“To make a long story short, he basically said that Taiwan should ‘re-join’ mainland China. . .So, right after that, China un-taxed—removed the tax burden off Elon Musk.” —The China Show
There’s nothing says “I’m pro-free speech” like openly pandering to an authoritarian surveillance state, am I right? Well, Elon Musk would appear to agree with that, at least, based on his recent actions. As conservatives and other canceled individuals rejoice at Musk’s Twitter takeover (including his firing of executives who should be fired) and look forward to what is hopefully a freer future on the platform, Musk’s pontificating on his dedication to free speech is (as usual) ringing a little hollow. And that hollow ring has echoes of China.
Musk may be thoroughly sincere in his desire to make Twitter more free. I would be cautious about trusting a man who wants to implant brain chips in people and create a full “brain interface,” especially since he could very well turn Twitter into his own metaverse complete with direct connection to your brain, but I’m told I’m a cynic. In any case, Musk’s willingness to suck up to a regime running the most authoritarian surveillance state on the planet—the Chinese Communist Party (CCP)—would seem to argue for a little healthy distrust. And evidence presented a couple weeks ago by the hosts of The China Show (hosted by Winston and Matt) supports my argument.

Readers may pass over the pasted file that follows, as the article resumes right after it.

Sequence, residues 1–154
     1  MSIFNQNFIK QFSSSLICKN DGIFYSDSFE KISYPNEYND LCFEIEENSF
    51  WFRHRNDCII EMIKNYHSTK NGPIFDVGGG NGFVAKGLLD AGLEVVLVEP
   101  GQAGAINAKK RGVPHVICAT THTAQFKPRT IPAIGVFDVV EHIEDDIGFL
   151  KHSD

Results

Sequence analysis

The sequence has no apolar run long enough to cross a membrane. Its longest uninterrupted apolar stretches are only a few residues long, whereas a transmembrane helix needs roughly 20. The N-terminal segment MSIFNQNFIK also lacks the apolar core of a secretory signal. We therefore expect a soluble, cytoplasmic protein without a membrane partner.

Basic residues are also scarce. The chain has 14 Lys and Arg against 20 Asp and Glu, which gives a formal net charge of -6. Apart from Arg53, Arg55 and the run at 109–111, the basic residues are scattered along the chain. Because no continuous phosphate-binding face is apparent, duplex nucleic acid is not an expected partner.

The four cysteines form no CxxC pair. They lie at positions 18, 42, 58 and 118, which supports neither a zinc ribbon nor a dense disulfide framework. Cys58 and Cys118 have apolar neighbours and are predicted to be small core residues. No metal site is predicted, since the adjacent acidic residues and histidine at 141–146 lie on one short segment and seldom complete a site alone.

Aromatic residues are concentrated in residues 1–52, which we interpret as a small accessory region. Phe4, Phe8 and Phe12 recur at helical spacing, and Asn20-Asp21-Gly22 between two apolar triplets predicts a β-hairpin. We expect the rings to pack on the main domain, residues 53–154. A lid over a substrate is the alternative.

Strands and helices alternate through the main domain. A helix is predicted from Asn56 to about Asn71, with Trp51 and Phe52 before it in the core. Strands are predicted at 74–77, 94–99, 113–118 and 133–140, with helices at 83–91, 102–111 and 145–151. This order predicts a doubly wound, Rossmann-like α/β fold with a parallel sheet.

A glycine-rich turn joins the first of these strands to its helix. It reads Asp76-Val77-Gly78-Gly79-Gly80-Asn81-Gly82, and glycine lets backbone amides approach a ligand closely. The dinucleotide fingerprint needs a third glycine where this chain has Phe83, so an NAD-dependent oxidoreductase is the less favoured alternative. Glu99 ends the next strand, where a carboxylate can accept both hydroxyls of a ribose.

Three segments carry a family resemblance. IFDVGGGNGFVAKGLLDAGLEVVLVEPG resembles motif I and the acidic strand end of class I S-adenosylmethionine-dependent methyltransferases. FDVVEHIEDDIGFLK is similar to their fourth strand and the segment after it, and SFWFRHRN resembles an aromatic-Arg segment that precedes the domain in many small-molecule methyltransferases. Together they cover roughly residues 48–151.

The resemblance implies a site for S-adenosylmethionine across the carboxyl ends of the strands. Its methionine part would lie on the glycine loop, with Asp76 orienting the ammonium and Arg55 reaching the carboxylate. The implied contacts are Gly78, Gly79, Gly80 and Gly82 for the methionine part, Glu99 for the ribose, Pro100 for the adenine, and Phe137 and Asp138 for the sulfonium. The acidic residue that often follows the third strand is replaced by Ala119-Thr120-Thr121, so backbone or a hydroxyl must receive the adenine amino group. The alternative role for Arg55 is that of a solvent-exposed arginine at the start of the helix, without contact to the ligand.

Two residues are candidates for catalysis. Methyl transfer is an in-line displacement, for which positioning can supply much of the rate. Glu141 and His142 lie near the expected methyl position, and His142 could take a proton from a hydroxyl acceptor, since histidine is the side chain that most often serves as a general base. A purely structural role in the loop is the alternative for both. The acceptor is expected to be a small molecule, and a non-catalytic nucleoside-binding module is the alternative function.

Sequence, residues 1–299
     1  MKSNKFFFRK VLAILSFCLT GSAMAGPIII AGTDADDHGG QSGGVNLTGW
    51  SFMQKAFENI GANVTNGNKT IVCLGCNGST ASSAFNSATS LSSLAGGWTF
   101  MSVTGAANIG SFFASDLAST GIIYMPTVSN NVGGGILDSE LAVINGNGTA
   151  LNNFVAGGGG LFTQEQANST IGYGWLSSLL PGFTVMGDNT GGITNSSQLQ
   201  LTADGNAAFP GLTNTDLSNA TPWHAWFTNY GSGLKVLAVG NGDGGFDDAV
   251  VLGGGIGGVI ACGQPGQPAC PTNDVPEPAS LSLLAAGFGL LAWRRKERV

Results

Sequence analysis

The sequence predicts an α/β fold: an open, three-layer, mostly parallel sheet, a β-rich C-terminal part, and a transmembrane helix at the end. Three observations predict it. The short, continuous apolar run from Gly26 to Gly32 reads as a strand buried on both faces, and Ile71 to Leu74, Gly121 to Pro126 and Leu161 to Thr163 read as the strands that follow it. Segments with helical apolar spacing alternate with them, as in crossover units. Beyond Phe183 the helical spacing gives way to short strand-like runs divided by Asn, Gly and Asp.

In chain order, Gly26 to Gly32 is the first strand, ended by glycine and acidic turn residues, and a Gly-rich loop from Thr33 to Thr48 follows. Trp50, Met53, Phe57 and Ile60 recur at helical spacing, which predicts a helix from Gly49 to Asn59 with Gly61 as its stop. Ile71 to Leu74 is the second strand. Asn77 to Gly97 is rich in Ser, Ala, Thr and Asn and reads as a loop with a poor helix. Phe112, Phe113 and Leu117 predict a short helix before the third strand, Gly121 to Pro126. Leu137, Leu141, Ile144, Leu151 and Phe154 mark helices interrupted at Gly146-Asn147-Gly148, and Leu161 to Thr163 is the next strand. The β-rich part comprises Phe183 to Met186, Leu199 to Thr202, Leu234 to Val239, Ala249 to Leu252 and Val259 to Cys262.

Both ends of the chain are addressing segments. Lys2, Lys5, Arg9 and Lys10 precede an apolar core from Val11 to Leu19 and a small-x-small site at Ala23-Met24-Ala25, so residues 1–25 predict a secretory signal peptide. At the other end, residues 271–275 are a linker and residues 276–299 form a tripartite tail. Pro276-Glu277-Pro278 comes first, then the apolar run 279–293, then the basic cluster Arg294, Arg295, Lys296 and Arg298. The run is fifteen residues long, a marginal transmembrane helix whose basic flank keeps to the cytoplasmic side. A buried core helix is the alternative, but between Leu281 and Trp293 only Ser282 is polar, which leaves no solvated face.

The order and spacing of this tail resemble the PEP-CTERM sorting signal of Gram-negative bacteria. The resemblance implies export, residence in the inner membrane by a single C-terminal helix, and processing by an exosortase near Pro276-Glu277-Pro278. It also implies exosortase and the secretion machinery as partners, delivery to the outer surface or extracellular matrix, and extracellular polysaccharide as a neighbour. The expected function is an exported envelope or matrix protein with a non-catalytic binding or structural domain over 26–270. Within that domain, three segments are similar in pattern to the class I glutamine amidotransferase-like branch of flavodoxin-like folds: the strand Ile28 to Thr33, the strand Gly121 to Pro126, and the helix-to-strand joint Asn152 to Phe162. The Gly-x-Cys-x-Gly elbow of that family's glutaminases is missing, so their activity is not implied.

“[Matt:] To make a long story short, he basically said that Taiwan should ‘re-join’ mainland China…but they should be given, like, a high degree of autonomy. And China ran with it…they loved it. And then everyone’s like, ‘What are you doing? What, do you mean like Hong Kong? You know, the territory that they just steam-rolled?’…
[Winston:] Well, explain to everybody what happened three days later.
[Matt:] So, right after that, China un-taxed—removed the tax burden off Elon Musk for his production of Teslas in China.”
Two other interesting facts about doing business in China are that the government directly surveils and can access any information it requests from companies, and China practices “civil-military fusion”—that is, everything in the economic and tech spheres is accessible to the Chinese military.
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